The dog days of August 2007 may be remembered as that magic moment when librarianship as practiced in Second Life finally received permission to dine at the adults' table.
On August 3rd the Library of Congress announced a new initiative -- Preserving Creative America. They made eight grant awards totally $2.15 million "...to address the long-term preservation of creative content in digital form." The creative content being targeted includes the usual suspects, such as digitally created motion pictures, digital music, and digital photographs, but it also includes comic strips (Doonesbury) and editorial cartoons (Pat Oliphant) -- which I assume were not born digital, but perhaps I'm just revealing my quaint, old-fashioned notions of how cartoons are drawn these days.
The real kicker, however, is a grant made to the University of Illinois at Urbana-Champaign. Here's what the press release states, "The Preserving Virtual Worlds project will explore methods for preserving digital games and interactive fiction. Major activities will include developing basic standards for metadata and content representation and conducting a series of archiving case studies for early video games, electronic literature and Second Life, an interactive multiplayer game."
I'm still pinching myself. The Library of Congress has funded a project by UIUC and its partner organizations (Stanford, Rochester Institute of Technology, Linden Lab, and the University of Maryland) to study, among other things, how to create metadata standards and preservation practices for Second Life.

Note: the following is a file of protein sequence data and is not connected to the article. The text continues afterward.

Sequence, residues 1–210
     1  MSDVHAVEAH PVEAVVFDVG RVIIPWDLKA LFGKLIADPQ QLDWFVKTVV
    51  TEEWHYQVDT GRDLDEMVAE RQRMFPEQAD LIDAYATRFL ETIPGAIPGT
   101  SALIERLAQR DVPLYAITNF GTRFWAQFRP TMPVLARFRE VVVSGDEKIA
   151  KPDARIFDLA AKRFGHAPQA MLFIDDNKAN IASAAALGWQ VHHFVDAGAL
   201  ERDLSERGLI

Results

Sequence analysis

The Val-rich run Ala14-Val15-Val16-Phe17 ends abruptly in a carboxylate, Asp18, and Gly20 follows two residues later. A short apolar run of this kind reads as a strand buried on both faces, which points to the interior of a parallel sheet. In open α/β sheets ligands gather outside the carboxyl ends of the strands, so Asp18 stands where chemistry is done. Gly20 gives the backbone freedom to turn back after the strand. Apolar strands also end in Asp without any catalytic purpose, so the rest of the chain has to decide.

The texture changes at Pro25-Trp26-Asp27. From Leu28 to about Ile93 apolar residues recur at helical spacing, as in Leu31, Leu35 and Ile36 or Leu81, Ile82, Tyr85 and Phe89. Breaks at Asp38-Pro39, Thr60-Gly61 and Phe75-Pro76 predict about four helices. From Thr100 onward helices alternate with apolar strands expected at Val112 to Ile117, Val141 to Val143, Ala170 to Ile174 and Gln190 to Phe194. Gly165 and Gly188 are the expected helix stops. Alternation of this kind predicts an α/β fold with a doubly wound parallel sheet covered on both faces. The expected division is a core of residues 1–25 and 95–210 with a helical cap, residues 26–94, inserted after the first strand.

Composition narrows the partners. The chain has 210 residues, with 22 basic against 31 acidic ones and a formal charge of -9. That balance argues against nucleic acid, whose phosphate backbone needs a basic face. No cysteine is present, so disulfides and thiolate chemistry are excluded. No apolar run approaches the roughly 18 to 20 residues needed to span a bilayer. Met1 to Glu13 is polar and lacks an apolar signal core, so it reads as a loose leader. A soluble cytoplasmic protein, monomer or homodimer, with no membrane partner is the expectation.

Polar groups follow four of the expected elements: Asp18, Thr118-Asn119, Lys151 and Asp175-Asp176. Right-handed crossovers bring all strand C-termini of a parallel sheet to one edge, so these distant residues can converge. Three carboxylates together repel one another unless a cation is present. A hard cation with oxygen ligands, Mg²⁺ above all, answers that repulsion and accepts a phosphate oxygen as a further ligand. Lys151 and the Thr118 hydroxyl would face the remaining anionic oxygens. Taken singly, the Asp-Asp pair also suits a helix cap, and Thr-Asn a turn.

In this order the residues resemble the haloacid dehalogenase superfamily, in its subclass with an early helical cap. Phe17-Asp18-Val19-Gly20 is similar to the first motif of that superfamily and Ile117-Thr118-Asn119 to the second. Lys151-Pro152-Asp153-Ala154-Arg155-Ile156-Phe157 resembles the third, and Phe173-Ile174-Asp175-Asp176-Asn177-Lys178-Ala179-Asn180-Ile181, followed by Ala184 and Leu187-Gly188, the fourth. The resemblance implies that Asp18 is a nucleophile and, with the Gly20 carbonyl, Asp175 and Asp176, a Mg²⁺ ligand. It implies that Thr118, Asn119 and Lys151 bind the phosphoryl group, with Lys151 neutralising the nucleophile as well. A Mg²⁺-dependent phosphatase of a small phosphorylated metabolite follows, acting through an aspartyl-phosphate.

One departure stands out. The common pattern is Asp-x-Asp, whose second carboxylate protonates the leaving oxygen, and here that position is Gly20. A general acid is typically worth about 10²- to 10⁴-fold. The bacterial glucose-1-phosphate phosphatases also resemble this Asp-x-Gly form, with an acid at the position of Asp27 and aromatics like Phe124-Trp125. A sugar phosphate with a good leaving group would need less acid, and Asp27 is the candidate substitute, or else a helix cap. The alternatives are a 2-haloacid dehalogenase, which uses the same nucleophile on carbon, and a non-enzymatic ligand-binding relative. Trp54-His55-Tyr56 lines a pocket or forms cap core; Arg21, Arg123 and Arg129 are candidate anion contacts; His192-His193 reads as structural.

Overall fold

But wait, there's more. Maybe I'm suffering from heat stroke. Also this month the National Science Foundation has announced that is has funded a project to create a more accessible interface to Second Life. Eelke Folmer, an Assistant Professor in the Department of Computer Science & Engineering at the University of Nevada-Reno, will be leading that project, which should conclude by next August.
Metadata, preservation, accessibility: These are definitely topics for the adult table. So, let's break open a bottle of champaigne and raise a toast to the coming of age of librarianship in Second Life. If you're in-world and raising a virtual glass of champagne, neither you nor your avatar will intake any calories or alcohol, so neither of you will gain weight and both will be able to continue operating heavy machinery.
All of this is great news, but I hope the undertaking of these mainstream projects will not distract us inordinately from what I consider to be the primary promise of librarianship in Second Life and other virtual worlds -- to wit, immersive three-dimensional information experiences.
Until three-dimensional virtual worlds came into existence, most human interaction with information was two-dimensional. Nearly all interaction with printed information is two-dimensional. Screens of various types (the canvas of a painting, a motion-picture screen, a TV screen, and a computer screen) can give the viewer a sense of depth, but rarely have we utilized that virtual sense of depth to create immersive three-dimensional information experiences.
Second Life and virtual worlds in general may inaugurate a long revolution whereby human beings increasingly come to interact with information in immersive three-dimensional spaces. The molecules and works of art in Second Life you can fly around and through now are just the harbingers of things to come. Recreations of entire civilizations in an historical period, such as what Caledon does for the Victorian era and what Renaissance Island does for Elizabethan England, are fast becoming massively multi-disciplinary areas where avatars are interacting with an entire environment, not just a series of discrete digital objects.
So, as we toast the mainstreaming of virtual world librarianship, let's not forget the uncharted frontiers that also need attention, effort, and institutional support. One such frontier is the effort to explore the potential of massively interdisciplinary, 3-dimensional information experiences, or MI3DIE for short, which I would pronouce like "my three die."